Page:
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US-China rivalry in South China Sea must not turn into a great power game

2021-04-20 00:49:26       source:NISCSS

April 19, 2021

In the past four years, the South China Sea has been at the centre of the strategic competition between Beijing and Washington. The United States views China’s increasingly assertive actions in the South China Sea as the most pressing threat to the existential order in the Indo-Pacific region.


On one hand, in response to China’s territorial claims and military activities in the region, the US has been working closely with its allies and partners to contain and counter China’s efforts. On the other hand, the US has been enhancing its own deterrence, surveillance and combat readiness capabilities in the area.


A mutual increase in military activities leads to more uncertainty in the South China Sea. From the near collision of American and Chinese warships in 2018 to the duelling military exercises in 2020, the danger of an armed conflict between the two countries continues to rise.


Despite the significance and severity of the potential risks in the South China Sea, it should not be viewed as an individual hotspot but rather as an epicentre of the grand strategic competition between China and the US in the Indo-Pacific region. The complex competition focuses on several aspects.


First, Beijing and Washington are competing for the leading role in regional governance. The South China Sea code of conduct negotiation is seen by Washington as Beijing’s attempt to exclude the US from framing a regional order. Conversely, Beijing sees Washington as undermining the negotiation process by influencing countries to divide the negotiating parties over issues such as the 2016 South China Sea arbitration award.


China and the US are also competing for sea power in the South China Sea. The power balance in the region is undeniably shifting with China’s rise, but the US seeks to preserve and enhance a stable and diversified American-led security order within the region.


Furthermore, China’s rising naval power and its land reclamation efforts are perceived as a direct challenge to the United States’ long-time sea power advantage. In response, the US and its allies have increased military presence in the region to sustain a favourable power balance.


However, this increased American presence in the South China Sea is perceived by China as an effort to contain its growing overseas interests. This ultimately deteriorates mutual trust between leaders in Beijing and Washington.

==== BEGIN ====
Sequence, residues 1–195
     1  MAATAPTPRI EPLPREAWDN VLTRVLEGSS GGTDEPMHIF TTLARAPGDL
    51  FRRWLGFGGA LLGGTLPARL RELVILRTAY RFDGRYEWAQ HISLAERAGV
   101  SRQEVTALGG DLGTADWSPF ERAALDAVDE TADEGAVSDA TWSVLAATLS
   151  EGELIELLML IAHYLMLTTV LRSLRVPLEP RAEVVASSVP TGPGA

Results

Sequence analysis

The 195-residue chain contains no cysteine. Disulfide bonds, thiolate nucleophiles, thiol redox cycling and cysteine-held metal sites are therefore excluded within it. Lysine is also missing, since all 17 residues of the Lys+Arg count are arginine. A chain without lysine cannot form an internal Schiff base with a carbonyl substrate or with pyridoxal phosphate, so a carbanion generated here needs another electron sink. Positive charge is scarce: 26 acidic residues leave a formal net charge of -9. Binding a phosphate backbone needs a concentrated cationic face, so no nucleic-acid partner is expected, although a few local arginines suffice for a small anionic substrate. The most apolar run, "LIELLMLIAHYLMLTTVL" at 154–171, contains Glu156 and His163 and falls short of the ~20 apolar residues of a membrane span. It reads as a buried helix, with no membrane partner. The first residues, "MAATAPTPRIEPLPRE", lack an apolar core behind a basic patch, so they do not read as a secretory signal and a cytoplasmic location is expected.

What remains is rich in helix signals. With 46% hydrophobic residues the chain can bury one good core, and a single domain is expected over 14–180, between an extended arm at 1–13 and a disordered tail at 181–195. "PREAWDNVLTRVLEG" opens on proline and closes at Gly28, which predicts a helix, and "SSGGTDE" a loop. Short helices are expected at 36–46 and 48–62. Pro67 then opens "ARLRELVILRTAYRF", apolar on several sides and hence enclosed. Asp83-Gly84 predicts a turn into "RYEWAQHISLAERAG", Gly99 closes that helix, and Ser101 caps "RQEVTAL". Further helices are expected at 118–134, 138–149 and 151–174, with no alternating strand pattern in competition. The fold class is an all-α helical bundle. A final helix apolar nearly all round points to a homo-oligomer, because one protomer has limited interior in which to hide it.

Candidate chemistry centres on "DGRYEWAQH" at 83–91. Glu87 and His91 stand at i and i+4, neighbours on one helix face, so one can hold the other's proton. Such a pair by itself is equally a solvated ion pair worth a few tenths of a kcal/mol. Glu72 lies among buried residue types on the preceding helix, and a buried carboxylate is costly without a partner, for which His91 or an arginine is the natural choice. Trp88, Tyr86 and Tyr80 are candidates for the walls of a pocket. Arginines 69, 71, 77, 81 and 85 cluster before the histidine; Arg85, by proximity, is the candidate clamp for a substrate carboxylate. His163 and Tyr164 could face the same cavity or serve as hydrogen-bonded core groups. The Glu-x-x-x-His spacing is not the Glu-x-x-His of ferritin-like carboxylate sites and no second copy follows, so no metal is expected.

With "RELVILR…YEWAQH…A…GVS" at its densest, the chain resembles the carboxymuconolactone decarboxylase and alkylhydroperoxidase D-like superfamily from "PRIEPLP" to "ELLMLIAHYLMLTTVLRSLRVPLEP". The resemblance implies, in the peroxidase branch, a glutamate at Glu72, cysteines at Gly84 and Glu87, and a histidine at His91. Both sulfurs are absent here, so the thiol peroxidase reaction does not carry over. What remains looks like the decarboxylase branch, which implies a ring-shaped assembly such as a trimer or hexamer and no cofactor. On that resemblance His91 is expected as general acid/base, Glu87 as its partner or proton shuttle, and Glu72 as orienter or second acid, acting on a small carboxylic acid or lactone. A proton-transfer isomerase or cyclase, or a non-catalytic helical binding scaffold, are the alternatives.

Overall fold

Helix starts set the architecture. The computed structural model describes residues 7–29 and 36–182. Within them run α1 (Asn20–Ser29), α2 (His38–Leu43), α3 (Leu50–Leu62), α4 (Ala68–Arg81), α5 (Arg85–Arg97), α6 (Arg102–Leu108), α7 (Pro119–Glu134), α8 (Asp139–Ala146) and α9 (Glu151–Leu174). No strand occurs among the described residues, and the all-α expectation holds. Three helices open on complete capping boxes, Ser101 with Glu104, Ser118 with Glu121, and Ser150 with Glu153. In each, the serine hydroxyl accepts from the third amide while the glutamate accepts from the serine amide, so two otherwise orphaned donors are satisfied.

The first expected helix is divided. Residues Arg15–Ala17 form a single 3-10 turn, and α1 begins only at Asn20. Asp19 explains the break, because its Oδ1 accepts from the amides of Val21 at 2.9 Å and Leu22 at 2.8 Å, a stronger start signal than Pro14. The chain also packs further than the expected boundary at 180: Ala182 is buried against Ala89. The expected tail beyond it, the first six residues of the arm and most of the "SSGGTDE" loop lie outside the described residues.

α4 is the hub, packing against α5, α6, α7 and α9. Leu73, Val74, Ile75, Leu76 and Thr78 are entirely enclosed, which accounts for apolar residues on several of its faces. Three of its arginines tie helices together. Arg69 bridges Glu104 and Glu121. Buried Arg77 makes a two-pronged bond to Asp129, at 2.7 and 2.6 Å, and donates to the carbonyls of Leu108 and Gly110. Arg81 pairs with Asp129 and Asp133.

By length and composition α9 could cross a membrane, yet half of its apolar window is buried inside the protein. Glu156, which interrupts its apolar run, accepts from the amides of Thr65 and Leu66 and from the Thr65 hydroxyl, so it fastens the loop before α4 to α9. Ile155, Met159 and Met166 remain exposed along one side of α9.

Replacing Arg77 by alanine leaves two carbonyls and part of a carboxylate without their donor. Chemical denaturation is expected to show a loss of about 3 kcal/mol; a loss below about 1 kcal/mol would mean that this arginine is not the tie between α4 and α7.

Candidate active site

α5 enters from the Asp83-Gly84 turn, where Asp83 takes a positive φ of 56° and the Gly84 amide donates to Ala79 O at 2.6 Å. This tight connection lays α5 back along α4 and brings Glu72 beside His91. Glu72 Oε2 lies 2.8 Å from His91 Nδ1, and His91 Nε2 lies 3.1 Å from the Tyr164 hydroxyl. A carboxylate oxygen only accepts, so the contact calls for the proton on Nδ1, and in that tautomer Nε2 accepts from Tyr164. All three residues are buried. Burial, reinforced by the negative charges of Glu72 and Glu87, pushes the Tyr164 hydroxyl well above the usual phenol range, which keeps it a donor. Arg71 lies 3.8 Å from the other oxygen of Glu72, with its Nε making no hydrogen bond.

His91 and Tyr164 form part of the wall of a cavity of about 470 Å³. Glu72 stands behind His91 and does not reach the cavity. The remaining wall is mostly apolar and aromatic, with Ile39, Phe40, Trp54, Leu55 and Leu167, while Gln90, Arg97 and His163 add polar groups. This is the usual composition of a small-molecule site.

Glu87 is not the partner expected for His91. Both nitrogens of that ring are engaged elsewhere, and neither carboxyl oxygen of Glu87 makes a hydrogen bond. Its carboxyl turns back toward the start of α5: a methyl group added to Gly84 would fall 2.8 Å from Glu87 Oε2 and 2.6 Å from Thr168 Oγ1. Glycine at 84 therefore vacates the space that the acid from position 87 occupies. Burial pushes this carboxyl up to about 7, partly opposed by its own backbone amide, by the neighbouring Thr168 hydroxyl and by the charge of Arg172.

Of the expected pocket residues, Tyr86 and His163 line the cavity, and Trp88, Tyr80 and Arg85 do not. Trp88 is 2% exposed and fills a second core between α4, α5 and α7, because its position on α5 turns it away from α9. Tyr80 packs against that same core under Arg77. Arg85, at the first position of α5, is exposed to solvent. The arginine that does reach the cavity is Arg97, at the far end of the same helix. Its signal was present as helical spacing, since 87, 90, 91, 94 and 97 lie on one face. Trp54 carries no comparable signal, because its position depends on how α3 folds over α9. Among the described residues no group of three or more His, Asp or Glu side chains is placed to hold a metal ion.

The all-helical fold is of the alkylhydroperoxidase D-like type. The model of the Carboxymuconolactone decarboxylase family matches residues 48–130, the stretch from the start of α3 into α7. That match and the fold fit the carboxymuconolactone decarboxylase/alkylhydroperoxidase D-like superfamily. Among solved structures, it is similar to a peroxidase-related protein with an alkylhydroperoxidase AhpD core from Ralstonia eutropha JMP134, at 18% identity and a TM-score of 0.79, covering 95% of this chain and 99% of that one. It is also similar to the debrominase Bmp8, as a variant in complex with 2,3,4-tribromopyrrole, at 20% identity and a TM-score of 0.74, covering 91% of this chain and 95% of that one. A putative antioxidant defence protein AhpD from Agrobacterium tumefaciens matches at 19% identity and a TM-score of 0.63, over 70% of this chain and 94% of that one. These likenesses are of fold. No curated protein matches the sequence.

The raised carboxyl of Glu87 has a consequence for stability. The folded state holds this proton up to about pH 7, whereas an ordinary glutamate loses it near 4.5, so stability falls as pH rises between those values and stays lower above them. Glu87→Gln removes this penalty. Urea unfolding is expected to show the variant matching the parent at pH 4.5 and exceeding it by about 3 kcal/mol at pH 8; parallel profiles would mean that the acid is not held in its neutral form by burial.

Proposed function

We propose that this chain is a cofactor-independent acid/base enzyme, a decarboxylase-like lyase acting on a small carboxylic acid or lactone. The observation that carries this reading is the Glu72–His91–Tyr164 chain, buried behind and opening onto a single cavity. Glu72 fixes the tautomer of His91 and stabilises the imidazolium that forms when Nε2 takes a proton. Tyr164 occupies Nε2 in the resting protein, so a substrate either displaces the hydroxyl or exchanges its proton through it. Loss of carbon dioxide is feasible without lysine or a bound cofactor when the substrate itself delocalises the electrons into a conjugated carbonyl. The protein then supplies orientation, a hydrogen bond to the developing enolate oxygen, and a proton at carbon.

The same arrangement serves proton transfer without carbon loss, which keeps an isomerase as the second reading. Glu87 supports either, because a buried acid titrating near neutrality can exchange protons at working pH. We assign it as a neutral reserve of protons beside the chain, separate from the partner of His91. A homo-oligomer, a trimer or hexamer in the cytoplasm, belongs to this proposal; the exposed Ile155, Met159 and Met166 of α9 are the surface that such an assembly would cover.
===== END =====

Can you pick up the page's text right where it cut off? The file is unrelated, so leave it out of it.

The shifting balance of power also has significant implications to the US alliance system. American allies and partners from outside the region have also begun to engage in the South China Sea as the shifting balance of power in the region inevitably affects their interests.


For instance, Australia, Japan, the United Kingdom, France and India have all increased their military cooperation and involvement with the US and Southeast Asian countries in the region. The competition might primarily centre around the strategic competition between Beijing and Washington, but it has increasingly become a globalised and more complex renewed competition of great maritime powers.


As the largest marginal sea of the western Pacific, the South China Sea serves as the crucial connection between the Pacific and the Indian Ocean. Annually, around 64 per cent of China’s foreign trade and 60 per cent of China’s oil imports comes through the South China Sea.


It is unlikely China will back down from its territorial and maritime claims as it concerns notions of national pride and sovereignty as well as vital overseas interests. While the US might involve its allies to compete with China, one might ask whether it is worth risking a permanent change to the status quo by renewing competition among maritime great powers.


Japan, Australia, Britain, France and India are taking steps to advance their influence in the region. So far, these countries have a shared goal in containing China’s assertive actions to prevent it from taking a leading role in the South China Sea.


However, this alignment of interest could deteriorate over time. Things could become more complicated when these countries’ interests combine with the disputes between members of the Association of Southeast Asian Nations.


Asean countries such as Vietnam and the Philippines have sought external support from extra-regional great maritime powers to counter China. Their hedging strategy has resulted in leasing out military bases, conducting arms sales and inviting foreign petroleum companies to explore and extract materials in disputed areas.


With more extra-regional great maritime powers involved in the South China Sea, the US could gain momentum in maintaining the power balance in the area, thereby gaining advantage over China. Simultaneously, however, the relative lack of power of Asean countries would only worsen.


With or without the China factor, bringing in more extra-regional great maritime powers could risk Asean’s independence and encourage parties to regional disputes to seek more extreme measures beyond their current capabilities.

WU Shicun is President of China’s National Institute for South China Sea Studies and Chairman of China-Southeast Asia Research Center on the South China Sea